Rapists are seldom prosecuted and convicted and whey they are, the process is extremely traumatic for an adult, let alone a terrified child. When men are convicted, they often receive slap-on-the-wrist sentences, such as Brock Turner, a college student who received a 6 month sentence for 3 separate charges stemming from a violent sexual assault, but only served 3 months jail time – this as his father complained about the length of the sentence by saying that it was a “steep price to pay for 20 minutes of fun.” Seriously?

And that’s today, not half a century or more ago when sexuality was much more of a taboo subject. I distinctly remember being told that “nice women” only had sex to reproduce and that if you had sex before marriage, you were “tarnished goods” and no one would ever want you. Nice boys only married virgins. “Why buy the cow when you can get the milk for free?” Any of this sound familiar?

Elizabeth Smart – “Better to be Dead”

Elizabeth Smart, kidnapped in 2002 at age 14, held and repeatedly raped for 9 months, said that she didn’t attempt an escape for multiple reasons. First, survival mode kicked in, but on a John Hopkins University panel on May 6, 2016, Elizabeth said that one of the factors deterring her from escaping was that she felt so utterly worthless after being raped. She told the panel members:

“I remember in school one time, I had a teacher who was talking about abstinence and she said, ‘Imagine you’re a stick of gum. When you engage in sex, that’s like getting chewed, and if you do that lots of times, you’re going to become an old piece of gum and who is going to want you after that?”

As a result, Elizabeth considered suicide after rape, because, “I felt it would be better to be dead than to continue living being a rape victim.”

On CBS News in 2018, Elizabeth said, “For years after I was rescued, I didn’t want anyone to know what had happened. … Truthfully, I think I was ashamed and I was embarrassed. I didn’t want people to know that I’d been raped.”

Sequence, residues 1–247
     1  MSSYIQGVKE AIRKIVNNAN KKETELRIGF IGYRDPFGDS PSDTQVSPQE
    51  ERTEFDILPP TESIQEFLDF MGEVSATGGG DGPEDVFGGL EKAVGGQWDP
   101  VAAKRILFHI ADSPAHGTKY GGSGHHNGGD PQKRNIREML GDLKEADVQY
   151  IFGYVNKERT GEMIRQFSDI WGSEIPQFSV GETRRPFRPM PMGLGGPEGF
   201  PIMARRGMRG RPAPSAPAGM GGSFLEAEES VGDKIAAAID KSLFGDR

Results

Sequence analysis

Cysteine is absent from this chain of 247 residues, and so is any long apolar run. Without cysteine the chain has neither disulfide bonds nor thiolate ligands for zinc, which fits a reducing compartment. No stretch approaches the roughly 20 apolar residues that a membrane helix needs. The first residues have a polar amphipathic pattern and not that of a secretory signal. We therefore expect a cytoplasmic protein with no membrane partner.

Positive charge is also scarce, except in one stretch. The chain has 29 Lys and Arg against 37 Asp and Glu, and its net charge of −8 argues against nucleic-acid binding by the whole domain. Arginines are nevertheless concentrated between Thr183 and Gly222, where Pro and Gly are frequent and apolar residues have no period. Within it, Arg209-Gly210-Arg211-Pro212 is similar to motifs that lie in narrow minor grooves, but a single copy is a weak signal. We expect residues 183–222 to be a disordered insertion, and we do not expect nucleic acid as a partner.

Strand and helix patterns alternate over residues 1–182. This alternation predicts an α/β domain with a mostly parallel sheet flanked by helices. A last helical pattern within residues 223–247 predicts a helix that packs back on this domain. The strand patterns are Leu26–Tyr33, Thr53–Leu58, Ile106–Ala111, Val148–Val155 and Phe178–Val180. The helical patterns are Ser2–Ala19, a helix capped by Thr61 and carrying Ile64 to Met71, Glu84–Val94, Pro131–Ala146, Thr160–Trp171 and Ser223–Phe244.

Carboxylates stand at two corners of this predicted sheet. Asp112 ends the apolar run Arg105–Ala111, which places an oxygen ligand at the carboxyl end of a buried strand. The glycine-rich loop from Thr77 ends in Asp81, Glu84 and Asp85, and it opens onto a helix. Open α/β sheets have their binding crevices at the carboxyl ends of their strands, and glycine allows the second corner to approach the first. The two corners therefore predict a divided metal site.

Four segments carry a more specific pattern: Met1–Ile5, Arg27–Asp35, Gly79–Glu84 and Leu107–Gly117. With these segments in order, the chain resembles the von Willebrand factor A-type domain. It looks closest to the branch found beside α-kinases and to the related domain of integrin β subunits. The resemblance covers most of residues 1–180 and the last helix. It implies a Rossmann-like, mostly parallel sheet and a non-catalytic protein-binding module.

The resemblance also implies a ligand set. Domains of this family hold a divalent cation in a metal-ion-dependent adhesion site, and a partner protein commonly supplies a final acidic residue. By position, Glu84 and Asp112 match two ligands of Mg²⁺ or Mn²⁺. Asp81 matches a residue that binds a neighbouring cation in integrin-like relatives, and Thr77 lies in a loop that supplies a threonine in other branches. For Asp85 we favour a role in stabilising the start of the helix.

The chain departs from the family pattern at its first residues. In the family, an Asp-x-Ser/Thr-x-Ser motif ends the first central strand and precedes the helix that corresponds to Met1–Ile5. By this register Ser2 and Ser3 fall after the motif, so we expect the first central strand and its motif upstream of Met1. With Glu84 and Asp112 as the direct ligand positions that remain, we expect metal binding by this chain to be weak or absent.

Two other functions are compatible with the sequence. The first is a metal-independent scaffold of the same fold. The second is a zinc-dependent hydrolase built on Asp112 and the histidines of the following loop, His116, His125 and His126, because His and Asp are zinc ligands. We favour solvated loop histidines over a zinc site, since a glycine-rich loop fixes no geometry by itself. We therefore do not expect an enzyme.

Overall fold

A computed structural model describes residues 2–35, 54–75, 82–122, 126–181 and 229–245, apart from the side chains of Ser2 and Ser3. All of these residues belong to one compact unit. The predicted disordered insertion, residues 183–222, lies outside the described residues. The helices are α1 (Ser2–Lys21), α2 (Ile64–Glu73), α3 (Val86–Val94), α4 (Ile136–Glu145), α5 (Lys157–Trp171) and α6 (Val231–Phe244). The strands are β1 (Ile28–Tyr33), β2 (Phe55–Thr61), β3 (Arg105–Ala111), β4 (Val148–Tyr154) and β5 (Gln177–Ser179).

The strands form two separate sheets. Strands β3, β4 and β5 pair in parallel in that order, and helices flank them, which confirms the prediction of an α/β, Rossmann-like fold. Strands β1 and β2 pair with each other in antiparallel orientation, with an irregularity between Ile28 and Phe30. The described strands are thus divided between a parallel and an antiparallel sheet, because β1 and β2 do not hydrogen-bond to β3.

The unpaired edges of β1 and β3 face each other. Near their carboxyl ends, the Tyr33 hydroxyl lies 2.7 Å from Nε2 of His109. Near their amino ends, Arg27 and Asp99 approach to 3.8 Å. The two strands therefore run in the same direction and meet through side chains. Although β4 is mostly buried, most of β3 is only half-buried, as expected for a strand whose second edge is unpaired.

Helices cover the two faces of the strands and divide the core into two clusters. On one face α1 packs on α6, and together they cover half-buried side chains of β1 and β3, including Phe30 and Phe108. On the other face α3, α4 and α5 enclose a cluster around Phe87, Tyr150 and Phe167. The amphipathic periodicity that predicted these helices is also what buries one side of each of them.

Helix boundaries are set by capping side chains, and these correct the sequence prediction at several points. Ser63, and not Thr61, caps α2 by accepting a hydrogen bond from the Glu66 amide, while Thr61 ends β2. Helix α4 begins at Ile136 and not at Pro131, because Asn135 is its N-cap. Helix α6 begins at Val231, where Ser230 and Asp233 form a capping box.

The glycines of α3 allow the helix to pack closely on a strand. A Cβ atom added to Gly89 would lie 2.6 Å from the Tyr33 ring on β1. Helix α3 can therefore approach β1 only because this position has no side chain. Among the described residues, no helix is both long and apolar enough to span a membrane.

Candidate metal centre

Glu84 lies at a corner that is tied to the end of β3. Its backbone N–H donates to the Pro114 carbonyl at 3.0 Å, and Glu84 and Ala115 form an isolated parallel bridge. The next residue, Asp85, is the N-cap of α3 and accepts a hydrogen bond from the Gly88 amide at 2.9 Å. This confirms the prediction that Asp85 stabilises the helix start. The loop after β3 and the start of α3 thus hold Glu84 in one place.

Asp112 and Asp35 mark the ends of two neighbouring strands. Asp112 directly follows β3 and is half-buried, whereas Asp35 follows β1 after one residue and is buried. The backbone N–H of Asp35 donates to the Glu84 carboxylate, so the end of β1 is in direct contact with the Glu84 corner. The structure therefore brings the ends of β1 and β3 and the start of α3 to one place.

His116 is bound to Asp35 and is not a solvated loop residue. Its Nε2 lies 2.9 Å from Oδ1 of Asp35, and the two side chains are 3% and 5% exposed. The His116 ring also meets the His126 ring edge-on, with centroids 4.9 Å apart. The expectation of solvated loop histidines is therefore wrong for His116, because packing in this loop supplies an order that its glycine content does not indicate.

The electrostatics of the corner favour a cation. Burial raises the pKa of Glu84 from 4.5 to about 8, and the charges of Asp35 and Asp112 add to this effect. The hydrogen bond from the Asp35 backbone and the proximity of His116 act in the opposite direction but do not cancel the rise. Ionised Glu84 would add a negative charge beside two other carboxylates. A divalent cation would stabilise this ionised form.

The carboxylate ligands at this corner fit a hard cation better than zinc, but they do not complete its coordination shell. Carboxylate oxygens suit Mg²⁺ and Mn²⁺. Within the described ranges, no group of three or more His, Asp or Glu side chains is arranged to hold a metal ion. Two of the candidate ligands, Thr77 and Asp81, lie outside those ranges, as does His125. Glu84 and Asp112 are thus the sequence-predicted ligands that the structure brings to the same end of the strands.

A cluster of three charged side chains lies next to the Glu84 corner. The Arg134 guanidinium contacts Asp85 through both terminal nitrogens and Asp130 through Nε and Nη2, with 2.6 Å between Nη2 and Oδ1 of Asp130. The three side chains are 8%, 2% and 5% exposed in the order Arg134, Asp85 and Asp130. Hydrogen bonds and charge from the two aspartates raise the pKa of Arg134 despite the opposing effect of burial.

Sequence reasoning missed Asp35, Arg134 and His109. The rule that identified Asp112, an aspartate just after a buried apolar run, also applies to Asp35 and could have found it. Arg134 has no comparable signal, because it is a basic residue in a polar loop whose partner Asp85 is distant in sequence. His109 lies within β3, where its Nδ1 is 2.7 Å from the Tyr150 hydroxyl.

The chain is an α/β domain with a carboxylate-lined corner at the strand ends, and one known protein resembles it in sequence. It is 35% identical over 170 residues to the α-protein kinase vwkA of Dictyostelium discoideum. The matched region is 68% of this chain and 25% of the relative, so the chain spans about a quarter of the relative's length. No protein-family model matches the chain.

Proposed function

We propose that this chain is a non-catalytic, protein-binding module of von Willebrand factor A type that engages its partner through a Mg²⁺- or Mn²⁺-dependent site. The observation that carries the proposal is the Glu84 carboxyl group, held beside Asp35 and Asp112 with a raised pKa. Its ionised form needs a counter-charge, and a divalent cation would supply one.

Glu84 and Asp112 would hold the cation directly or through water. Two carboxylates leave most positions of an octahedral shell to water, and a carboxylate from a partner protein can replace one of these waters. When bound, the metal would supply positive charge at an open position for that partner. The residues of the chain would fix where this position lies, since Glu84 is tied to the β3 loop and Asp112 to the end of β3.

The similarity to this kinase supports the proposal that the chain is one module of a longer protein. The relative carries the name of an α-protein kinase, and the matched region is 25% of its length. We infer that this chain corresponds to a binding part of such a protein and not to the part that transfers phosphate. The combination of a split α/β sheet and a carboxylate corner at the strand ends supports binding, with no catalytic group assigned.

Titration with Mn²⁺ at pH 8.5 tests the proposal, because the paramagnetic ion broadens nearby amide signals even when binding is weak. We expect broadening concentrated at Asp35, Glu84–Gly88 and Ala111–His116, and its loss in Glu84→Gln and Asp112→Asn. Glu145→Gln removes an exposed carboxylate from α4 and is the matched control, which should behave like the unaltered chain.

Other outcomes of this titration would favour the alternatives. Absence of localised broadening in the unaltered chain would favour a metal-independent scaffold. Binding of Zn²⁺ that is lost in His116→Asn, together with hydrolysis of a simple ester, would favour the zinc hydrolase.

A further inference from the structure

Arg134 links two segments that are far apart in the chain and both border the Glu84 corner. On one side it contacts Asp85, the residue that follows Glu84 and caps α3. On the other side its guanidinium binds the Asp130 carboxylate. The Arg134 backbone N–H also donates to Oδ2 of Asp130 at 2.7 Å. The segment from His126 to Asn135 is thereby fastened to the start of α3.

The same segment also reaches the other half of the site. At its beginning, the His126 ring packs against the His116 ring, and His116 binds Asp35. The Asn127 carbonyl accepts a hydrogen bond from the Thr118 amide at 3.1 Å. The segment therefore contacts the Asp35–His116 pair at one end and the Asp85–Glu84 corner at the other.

And this was in the 2000s, not a generation ago, or two, or three or more.

For rape victims, there’s no undoing what happened. Just press forward and make the best of things. The only decision left is whether or not to subject yourself to either private or public scrutiny, possible rejection, disbelief and ridicule. If it’s bad today, it was worse when your mother or grandmother was of reproductive age. Women didn’t even have the right to vote a century ago, and very few if any women were able to support themselves without a man – either their father or husband. They needed to protect their relationships with men and their families, regardless of the personal cost. Many still do today.

When I asked a (now-deceased) women who endured repeated rapes by a close male relative in the 1940s and 50s why she never spoke out, she said, “What choice did I have? I had 5 children that needed to eat. My husband would have divorced me and I had no skills to get a job. He (the rapist) knew that and laughed about it. He delighted in the fact that I could do nothing and tortured me with it until he finally died.” I hope she danced on his grave.

If one of those children turned out to be the child of the rapist, the woman would never have known then because she was having sex with her husband as well. If discovered genetically today, it would look like she cheated on her husband – but she didn’t.

If you think this can’t possibly be your family, think again.

Sexual Assault is More Common Than You Might Think